Sure, nobody actually wastes cold iron on spikes, but if you argue with the GM about it for long enough, you may just figure out a way to escape the inevitable wrath of Mrrrorw, Demon Lord of Rabid Housecats (It's very particular about the use of its full title) and its Hairball of Doom! (AcK! ACk! Tphffft!) Not to mention its undead demonic rodent minions!
Don't MAKE me turn that into a Sub! If you need information, just go to an old Bloom County comic and look up Bill the Cat. Go to Comment
84. In extremis, spikes can be tied to the end of a rope as a jury-rigged grapnel. Or, you can talk someone else into using it as a grapnel, then laugh as they plummet to their doom.
85. Held in the hands as you explore, you are armed if someone attacks, but if you drop it and it gets lost, it cost a fraction of what a proper weapon would. It's best to prepare a dignified-sounding explanation of why you're carrying around a spike ahead of time, so you don't stand there looking dumb if someone asks.
86. Lashed to a stick, it's an impromptu ice ax or bec de corbin (military pick). If you down a foe using it, you can then mock them mercilessly.
87. (A suggestion from Murometz:) You can use it to blind monsters such as beholders. After all, you could put an eye out with one of those things!
88. If you let them have a hammer, children love to play with them. Find the villain's kids and let them have a bunch of spikes. The villain will be finding the accursed things for months afterward.
89. You can use them to punch small holes in things. Put decorative piercework in the fighter's shield. Jazz up the mage's spellbook. Make those gold coins into decorative pendants.
90. Worried that huge critters will swallow you whole? Rig impromptu spiked armor! They may still kill you, but at least they'll probably be sorry they swallowed you.
91. If you've ever been camping, you know that you can never have too many tent spikes.
92. Iron Spikes make dandy hairpins, for keeping your coiffure out of your eyes when you're in the heat of battle. As an example of why this is so important, suppose you're fighting a medusa: You wouldn't want to be petrified with your hair all messed up.
93. They make dandy field-expedient splints, for when you have just finished fighting Mrrrorw, Demon Lord of Housecats and you're out of Cure spells
94. Fasten them to poke into the inside of a large box or coffin: Poof! Instant iron maiden. Make sure that no one you care about is using the coffin when you install the spikes.
95. Worried that pickpockets will snatch your wizard's magic wands? With a little paint, Iron Spikes make convincing copies. Let those rogues just try to snatch the real wand when the wizard has 40 more poking out of every pocket, his boot tops, etc. Just don't let the GM see the wizard's strength score unless he's really bad at math. Go to Comment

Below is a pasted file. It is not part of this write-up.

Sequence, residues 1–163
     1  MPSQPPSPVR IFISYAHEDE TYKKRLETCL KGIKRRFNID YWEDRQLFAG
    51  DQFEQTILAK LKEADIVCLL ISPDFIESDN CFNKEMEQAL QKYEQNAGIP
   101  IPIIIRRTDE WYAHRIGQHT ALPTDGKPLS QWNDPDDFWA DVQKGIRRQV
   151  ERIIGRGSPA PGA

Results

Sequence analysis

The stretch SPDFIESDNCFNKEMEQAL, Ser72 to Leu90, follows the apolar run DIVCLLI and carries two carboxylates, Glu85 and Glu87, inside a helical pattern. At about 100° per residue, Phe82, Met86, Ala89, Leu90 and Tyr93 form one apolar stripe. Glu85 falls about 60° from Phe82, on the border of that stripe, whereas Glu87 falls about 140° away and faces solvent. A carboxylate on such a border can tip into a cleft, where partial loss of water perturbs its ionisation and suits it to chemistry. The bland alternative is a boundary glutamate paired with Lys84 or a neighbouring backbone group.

Yes, one with a picture of some spikes and the legend, "We thought that we were doomed, but I pulled out some iron spikes..." and on the back says, "Strolen's House of Spikes - Fine Iron Spikes for over 5 years!" Go to Comment
1 Halfling (or Gnome, bloody light Human, Elf or 1/2 elf)
6 to 12 iron spikes for the afore mentioned character, plus 1 or 2 for the quivers of arrows
a few short (by comparison) lengths of rope
1 bow and 1 or 2 quivers of arrows
1 hammer (unless you really want to try and hammer them into the stone ceiling by hand), mace, hammer, or other top heavy implement would suffice.
Hammer spikes into ceiling
Secure character to spikes with rope, do the same for the quivers
Have everyone else looking docile below the character on the ceiling, playing the afore mentioned Nim with spare spikes if you wish.
Wait for unsuspecting bad guys to see you and move towards you - hope they fail their spot checks. Go to Comment
Just found this - it's always great to know someone's actually used one of your submissions for RP; a high compliment. I also very much like the way he makes the order come to life (the eaten sword really made me laugh as well!) Go to Comment
A magician develops a new way to make scrolls and can sell more powerful spells for cheap. Problem is, whether the magician is aware of it or not, the spell's power comes from spirits trapped by the magic that makes the scroll. Once used to power the scroll, the spirit is driven mad by the forces that have ripped through it's being, and often develops a homicidal thirst to destroy the one who tormented it. The spell the spirit was used for may have left some residual power in the spirit to give it more abilities than it ever used to have.